How To Disable Unnecessary Modules?
It’s always good to reduce the chances of being a victim of any cyber attack. So it’s recommended to remove all those modules that are not in use often. You can list all the compiled modules of the webserver, using the following command.
# grep LoadModule /etc/httpd/conf/httpd.conf
# have to place corresponding `LoadModule' lines at this location so the
# LoadModule foo_module modules/mod_foo.so LoadModule auth_basic_module modules/mod_auth_basic.so LoadModule auth_digest_module modules/mod_auth_digest.so LoadModule authn_file_module modules/mod_authn_file.so LoadModule authn_alias_module modules/mod_authn_alias.so LoadModule authn_anon_module modules/mod_authn_anon.so LoadModule authn_dbm_module modules/mod_authn_dbm.so LoadModule authn_default_module modules/mod_authn_default.so LoadModule authz_host_module modules/mod_authz_host.so LoadModule authz_user_module modules/mod_authz_user.so LoadModule authz_owner_module modules/mod_authz_owner.so LoadModule authz_groupfile_module modules/mod_authz_groupfile.so LoadModule authz_dbm_module modules/mod_authz_dbm.so LoadModule authz_default_module modules/mod_authz_default.so LoadModule ldap_module modules/mod_ldap.so LoadModule authnz_ldap_module modules/mod_authnz_ldap.so LoadModule include_module modules/mod_include.so LoadModule log_config_module modules/mod_log_config.so LoadModule logio_module modules/mod_logio.so LoadModule env_module modules/mod_env.so LoadModule ext_filter_module modules/mod_ext_filter.so
Above is the list that is removed by default but often not needed: mod_imap, mod_include, mod_info, mod_userdir, mod_autoindex. To disable this module, you can insert a “#” at the beginning of that line and restart the server service.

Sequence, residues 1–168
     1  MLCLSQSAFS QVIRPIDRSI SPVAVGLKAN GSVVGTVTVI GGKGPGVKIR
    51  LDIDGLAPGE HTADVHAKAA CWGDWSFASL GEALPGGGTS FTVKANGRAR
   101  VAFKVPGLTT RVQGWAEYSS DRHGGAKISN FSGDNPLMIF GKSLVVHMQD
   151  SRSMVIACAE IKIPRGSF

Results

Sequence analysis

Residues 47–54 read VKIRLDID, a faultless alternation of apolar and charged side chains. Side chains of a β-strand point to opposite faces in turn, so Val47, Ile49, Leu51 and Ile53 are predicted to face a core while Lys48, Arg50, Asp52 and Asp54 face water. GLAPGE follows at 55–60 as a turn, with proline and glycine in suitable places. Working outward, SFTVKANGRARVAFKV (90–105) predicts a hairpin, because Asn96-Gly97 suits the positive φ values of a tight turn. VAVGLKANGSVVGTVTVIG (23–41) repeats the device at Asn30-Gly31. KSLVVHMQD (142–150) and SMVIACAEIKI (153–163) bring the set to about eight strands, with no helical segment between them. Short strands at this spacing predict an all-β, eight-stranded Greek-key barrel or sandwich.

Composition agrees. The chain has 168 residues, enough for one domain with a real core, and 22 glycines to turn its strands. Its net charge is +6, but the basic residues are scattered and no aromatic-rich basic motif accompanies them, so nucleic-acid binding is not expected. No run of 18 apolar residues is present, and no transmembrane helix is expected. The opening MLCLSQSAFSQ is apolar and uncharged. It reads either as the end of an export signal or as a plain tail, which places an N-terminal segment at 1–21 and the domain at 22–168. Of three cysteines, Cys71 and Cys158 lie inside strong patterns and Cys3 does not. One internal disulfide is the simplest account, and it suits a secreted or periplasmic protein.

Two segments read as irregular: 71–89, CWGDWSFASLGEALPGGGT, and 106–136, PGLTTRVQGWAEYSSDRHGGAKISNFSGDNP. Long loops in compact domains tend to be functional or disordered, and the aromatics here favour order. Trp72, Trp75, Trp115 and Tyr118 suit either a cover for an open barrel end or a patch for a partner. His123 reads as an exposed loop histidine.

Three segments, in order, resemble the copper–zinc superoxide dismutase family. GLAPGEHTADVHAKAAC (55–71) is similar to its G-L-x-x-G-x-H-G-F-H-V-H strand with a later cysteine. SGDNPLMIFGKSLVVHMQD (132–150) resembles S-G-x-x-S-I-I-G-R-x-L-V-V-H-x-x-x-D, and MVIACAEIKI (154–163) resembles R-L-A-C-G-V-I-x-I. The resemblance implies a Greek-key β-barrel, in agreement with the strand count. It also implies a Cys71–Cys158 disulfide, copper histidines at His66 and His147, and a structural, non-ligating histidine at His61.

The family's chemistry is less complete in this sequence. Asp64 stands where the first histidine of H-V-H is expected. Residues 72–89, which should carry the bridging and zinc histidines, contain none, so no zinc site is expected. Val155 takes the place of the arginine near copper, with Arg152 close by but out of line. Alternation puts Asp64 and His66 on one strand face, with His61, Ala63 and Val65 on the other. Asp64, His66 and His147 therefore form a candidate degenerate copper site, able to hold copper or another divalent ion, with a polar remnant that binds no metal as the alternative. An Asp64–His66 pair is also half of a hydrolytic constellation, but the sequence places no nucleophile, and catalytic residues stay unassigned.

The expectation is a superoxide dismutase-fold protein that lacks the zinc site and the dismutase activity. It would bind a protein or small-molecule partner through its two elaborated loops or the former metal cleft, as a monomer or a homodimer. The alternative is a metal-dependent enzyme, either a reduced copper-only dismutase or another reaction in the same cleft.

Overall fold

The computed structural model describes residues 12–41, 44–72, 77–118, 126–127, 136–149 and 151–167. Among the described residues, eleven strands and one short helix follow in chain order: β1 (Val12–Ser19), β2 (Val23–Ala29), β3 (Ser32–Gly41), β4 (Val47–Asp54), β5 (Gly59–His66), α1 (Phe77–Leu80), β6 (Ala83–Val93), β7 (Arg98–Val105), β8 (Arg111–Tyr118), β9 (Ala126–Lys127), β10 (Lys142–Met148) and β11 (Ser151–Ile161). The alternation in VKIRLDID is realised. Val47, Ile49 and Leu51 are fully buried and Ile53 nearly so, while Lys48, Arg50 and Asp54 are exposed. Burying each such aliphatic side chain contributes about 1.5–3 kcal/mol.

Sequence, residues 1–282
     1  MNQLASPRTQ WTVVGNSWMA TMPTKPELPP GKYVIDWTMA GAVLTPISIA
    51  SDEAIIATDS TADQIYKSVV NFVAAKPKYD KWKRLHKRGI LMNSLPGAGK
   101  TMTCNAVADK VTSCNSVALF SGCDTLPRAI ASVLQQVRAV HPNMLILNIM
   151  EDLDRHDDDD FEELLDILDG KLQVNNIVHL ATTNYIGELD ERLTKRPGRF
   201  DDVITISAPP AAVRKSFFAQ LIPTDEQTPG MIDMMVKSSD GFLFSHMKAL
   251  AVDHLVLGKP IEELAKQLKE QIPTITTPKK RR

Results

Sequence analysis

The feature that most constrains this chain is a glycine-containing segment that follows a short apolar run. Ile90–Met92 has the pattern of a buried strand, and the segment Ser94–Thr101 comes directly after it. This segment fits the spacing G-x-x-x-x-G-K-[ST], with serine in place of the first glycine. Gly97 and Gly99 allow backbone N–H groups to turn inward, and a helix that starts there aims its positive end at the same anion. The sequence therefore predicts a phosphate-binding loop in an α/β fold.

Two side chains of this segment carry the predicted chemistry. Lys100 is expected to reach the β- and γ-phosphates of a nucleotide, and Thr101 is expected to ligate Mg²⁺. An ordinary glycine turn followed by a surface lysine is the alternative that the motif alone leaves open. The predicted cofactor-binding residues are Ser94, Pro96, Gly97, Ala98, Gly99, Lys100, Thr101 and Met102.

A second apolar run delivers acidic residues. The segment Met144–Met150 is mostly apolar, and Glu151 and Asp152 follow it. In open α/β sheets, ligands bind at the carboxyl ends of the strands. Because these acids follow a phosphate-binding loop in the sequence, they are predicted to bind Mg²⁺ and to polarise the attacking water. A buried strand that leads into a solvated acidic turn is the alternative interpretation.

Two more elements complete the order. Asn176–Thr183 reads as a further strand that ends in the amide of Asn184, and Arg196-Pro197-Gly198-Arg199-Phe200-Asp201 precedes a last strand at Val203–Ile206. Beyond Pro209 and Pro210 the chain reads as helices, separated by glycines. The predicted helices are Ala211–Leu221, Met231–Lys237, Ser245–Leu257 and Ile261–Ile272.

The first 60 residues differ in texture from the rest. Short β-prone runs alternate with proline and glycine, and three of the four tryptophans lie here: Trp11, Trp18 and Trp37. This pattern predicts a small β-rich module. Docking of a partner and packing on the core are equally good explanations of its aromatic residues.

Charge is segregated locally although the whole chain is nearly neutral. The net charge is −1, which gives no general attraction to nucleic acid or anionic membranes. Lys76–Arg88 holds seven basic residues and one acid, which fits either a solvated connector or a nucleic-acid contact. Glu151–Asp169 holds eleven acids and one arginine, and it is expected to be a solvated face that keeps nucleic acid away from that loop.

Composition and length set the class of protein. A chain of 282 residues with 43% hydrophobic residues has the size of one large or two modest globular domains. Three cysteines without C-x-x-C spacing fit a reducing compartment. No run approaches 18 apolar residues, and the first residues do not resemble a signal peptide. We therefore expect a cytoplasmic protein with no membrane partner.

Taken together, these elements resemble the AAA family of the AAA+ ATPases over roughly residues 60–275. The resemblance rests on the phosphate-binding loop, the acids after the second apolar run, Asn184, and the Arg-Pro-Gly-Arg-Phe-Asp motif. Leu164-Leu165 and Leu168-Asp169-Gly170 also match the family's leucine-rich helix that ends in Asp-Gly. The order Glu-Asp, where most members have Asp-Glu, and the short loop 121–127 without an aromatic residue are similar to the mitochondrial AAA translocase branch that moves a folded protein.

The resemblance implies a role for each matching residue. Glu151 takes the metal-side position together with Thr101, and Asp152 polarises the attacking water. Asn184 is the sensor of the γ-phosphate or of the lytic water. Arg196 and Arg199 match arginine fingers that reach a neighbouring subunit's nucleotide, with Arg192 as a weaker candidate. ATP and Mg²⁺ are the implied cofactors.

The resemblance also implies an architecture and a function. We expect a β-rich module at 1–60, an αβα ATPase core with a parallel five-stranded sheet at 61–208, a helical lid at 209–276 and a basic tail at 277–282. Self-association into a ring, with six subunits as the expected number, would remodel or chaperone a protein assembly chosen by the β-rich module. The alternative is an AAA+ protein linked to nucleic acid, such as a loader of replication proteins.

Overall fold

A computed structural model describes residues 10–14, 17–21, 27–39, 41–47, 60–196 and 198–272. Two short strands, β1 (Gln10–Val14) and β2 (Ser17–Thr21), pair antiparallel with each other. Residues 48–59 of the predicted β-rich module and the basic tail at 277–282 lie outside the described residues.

How To Run Apache As A Separate User And Group?
With an automatic installation, Apache builds its process with user nobody or daemon. For security reasons, it is suggested to run Apache in its own non-privileged account. For example: HTTP-web.
Create Apache User and Group
# groupadd http-web # useradd -d /var/www/ -g http-web -s /bin/nologin http-web
Now you want to tell Apache to run with this user and to do so, we need to make a way in /etc/httpd/conf/httpd.conf and restart the server service.
Open /etc/httpd/conf/httpd.conf with the editor and search for keywords “User” and “Group” and there you will want to specify the username and group name to use.
User HTTP-web Group HTTP-web
How to use allow and deny to restrict access to directories?
So we can restrict the access to directories with “Allow” and “Deny” options in httpd.conf file. Here in the below example, we’ll be safeguarding the root directory, for that by setting the following in the httpd.conf file.
<Directory /> Options None Order deny,allow Deny from all </Directory>
- Options “None” – not allow users to enable any optional features.
- Order deny, allow – Used to “Deny” and “Allow” directives will be processed. Here it will first “deny” and next “allow”.
- Deny from all – deny the request from everybody to the root directory, nobody will be able to access the root directory.
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If you have any queries about this topic or have to get cybersecurity services and consultations against these serious cyber attacks. Feel free to contact us. AIRZERO SEC will always be your strong firewall. E-mail id: [email protected]
Author - Johnson Augustine
Ethical Hacker and Data Security Researcher
Founder: Airo Global Software Inc
LinkedIn Profile: www.linkedin.com/in/johnsontaugustine/